We stare too deeply into those phones and not enough into the mirror at ourselves.  We consume celebrities too much.  Then we defend them because we love them too much.  It is a different less punishing kind of abusive syndrome.  We swallowed the red AND blue pill decades before "The Matrix".  And we have celebrated excess for too long and earnestness for too little a period of time.  When a professional athlete, musician, film actor or any other celebrity speaks about political issues many of us reflexively say, "stick to your day job".  That is troubling.

When George Takei was exposed last night I didn't blink an eye.  Even that in and of itself is a dangerous normalization.  More dangerous still is the comparing of one event of criminal conduct and assault done by someone to dozens of criminal behaviors done by another.  It is the behavior that must be condemned and end.  It's not about the amount of criminality.  It's the criminality itself, stupid.  Like Donald, sadly many of us have become obsessed with numbers and sizes.  It's a human thing.  The bigger the better (or worse).  Toting up a scoreboard or engaging in comparison theater or political party championshipping of criminal behavior is the worst kind of enabling of all. 

Such enabling reflects a deep sickness in our own collective consciousness and culture, a twisted, psychotic need to inherently rationalize wrongdoing no matter how big or small because it is somehow not nearly as bad as the other guy's wrongdoing or criminality.  Or a need to rationalize that, well, it isn't so bad because the wrongdoing happened much further back in the past.  Some Republican politicians did this with Alabama U.S. senate candidate Roy Moore.  (Will Alabama vote him in on December 12?)  Or in 2017 we blame the woman who didn't go to The Washington Post in 1979 when she was a 14-year-old girl.  Women like Katie Hopkins do this.  We've descended WAY deep beyond any swamps that were supposed to be drained: we are the swamp.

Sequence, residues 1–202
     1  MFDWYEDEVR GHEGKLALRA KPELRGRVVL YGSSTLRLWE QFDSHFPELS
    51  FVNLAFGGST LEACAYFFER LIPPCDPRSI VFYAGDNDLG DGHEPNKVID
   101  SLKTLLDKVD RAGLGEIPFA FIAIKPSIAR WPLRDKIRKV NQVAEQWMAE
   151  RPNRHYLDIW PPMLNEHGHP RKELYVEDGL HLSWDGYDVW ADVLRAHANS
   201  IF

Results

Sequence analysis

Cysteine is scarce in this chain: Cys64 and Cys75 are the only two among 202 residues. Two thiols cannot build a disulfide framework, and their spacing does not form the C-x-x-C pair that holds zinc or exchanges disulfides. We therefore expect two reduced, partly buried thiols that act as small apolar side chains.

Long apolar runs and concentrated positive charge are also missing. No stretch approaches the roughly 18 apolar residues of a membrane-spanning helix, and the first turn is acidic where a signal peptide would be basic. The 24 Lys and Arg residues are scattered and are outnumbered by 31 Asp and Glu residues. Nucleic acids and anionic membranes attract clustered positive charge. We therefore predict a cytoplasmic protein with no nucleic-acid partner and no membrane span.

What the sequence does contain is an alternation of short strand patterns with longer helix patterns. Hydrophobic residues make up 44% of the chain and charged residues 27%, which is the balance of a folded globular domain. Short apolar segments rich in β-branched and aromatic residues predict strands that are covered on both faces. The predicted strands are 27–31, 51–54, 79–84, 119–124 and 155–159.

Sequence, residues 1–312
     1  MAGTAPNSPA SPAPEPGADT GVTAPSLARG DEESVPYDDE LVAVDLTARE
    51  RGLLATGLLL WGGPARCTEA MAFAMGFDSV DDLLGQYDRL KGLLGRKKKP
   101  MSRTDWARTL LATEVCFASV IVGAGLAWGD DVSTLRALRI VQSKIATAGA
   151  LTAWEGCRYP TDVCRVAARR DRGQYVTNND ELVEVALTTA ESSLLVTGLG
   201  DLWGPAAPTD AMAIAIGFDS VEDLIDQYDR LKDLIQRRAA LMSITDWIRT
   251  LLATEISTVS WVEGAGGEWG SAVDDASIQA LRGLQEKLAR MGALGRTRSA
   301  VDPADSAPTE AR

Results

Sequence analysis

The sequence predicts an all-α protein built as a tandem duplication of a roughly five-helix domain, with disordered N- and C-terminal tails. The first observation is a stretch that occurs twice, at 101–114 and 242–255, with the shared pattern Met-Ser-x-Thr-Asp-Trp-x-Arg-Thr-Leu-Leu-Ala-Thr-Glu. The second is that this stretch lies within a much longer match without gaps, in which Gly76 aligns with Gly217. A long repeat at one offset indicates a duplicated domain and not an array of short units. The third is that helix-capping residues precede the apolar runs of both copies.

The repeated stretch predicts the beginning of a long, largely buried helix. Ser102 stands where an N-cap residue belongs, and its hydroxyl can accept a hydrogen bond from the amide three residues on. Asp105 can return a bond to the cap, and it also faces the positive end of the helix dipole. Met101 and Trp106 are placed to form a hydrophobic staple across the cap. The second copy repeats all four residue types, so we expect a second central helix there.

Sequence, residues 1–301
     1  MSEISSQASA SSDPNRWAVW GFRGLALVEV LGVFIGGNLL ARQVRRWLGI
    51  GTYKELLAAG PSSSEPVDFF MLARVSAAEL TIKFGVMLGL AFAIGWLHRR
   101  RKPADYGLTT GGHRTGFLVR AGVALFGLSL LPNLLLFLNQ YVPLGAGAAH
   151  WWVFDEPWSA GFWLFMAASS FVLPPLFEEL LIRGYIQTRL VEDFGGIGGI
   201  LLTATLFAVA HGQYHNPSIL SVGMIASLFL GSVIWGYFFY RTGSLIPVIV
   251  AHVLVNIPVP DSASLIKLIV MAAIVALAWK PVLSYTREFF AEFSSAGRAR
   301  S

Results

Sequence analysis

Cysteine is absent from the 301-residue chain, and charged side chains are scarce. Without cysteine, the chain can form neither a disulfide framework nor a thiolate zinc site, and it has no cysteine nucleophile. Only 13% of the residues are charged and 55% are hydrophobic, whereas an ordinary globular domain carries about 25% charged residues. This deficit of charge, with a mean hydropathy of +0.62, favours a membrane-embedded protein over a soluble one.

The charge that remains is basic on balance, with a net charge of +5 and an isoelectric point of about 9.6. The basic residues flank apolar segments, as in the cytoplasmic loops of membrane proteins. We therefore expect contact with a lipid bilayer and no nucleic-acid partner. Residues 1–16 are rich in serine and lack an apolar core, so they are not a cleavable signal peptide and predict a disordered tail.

Men laugh as Jason Alexander assaults a post-partum Mary McCormack and makes her lactate on "Celebrity Poker" (2005).  (Watch at the 22:15 mark.)  Audiences join in.  Women and men in the audience laugh as David Letterman "jokes" about sexually harassing women (2009).  He has a Netflix show coming in 2018.  Our emphasis on reality television and a centuries long obsession with celebrities has blinded or brainwashed us to such a degree that we are actually conflicted when some celebrity we love has done a heinous or criminal act.  That is disturbing.  The much-heralded Jon Stewart, who says he worked with Louis C.K. for 30 years, claims not to know that Louis C.K. engaged in the sexual assaults and harassments (watch starting at 1:14:00) that women in the same comedy sphere have talked about for decades.

Ellen Page should have jolted people into the reality of what the systemic machinery of Hollywood does and is.  Her powerful statement about her experiences should have been a wake up call for all.

Then again, so should Sacheen Littlefeather in 1973 (mild boos in the audience.)  Or Josephine Baker in the 1920s. 

This movie has played before.  And before.  And before.  And before.

When will we finally say, THE END?